If I choose continuous, will it create more difficulty for me when I begin improving other processes? Is it difficult to match capability levels to maturity levels?  I just don't want to do extra work and waste my companies time.

There is no "right" answer for which representation you should choose.  I primarily work with clients who select the "staged" representation (which results in a "maturity level"). But there are numerous examples of companies that choose the continuous representation (resulting in one or more capability levels by process area).

The decision to choose one or the other depends on the goals of the organization.  If you want to work on improving a large "swath" of your organization - from project management to requirements to engineering - the staged representation is appropriate.  If you need to achieve a maturity level of CMMI (say ML2 or ML3) then staged is also appropriate.  If you desire to pick and choose amongst improvements, say, only work on metrics now, and requirements later, then the continuous representation is appropriate.

If you achieve Capability Level Two in all of the Maturity Level Two process areas, then "conversion" from a set of capability levels to a single maturity level is simple.

I see the staged representation as a "fork-lift" for bringining a software organization up to a higher level of performance.  I see the continuous representation as a jack (like the one for your car) that raises performance for one or more parts of your organization.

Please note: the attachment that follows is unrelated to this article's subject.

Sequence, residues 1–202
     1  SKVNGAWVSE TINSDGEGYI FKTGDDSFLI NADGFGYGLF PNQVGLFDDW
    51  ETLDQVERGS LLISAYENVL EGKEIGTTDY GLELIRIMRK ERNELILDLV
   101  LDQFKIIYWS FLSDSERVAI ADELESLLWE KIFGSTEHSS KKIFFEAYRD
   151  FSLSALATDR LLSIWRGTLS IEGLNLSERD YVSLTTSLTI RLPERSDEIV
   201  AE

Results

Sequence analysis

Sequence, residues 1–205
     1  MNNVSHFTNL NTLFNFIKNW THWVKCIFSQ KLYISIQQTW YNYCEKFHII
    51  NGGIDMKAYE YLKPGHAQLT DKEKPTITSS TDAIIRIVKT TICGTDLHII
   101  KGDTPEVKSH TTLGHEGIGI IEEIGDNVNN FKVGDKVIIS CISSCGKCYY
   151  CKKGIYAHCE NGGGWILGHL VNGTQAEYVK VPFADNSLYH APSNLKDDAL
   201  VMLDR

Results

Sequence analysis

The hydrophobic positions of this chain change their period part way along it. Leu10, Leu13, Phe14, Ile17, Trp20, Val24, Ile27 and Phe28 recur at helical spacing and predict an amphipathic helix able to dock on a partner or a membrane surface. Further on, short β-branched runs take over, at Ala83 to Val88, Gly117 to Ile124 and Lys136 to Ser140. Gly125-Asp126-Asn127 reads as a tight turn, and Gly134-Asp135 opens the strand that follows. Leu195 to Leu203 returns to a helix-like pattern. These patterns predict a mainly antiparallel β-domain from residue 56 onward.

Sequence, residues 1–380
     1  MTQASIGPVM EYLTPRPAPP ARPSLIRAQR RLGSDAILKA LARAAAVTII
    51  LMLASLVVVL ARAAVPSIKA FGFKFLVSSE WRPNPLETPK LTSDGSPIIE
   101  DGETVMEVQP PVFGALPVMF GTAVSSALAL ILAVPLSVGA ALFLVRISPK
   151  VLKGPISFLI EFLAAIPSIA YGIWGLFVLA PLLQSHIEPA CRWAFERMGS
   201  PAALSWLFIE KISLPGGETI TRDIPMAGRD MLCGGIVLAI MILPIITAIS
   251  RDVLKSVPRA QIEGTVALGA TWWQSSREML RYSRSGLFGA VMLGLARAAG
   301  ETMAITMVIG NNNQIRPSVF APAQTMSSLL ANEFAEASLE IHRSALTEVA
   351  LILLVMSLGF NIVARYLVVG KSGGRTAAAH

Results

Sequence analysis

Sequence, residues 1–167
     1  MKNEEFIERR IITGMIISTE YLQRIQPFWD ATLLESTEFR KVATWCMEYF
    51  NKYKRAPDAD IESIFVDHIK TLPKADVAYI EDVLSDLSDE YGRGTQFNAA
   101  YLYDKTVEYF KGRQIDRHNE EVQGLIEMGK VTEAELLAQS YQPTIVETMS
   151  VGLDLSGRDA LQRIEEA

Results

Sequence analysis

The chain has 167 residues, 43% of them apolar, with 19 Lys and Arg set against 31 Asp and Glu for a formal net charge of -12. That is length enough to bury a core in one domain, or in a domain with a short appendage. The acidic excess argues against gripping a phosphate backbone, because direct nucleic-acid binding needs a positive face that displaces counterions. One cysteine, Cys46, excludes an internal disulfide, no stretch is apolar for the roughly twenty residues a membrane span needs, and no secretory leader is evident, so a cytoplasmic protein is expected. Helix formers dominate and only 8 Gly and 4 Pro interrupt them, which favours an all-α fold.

The downside of staged is that the scope is large and is quite a bit of work.  The downside of continuous is that you'll have processes in your organization performing at all different levels and interfaces between groups will be difficult.

You decide!

Oh, but the way IPPD is optional . .  it's not that it's bad, if you have time it's a great set of practices, but it's an "addition" to the model and is not required.

Could you explain the meaning behind VER SG2: Perform Peer Reviews

We're not sure we totally understand the meaning behind VER SG2 - Perform Peer Reviews.  Could you shed some light on it for us?

Sure, let me write something up, send it out, and have everyone review it.  After recieving their feeback I'll update the post and release it for everyone to . . . . hey wait!  I'm giving away the answer!!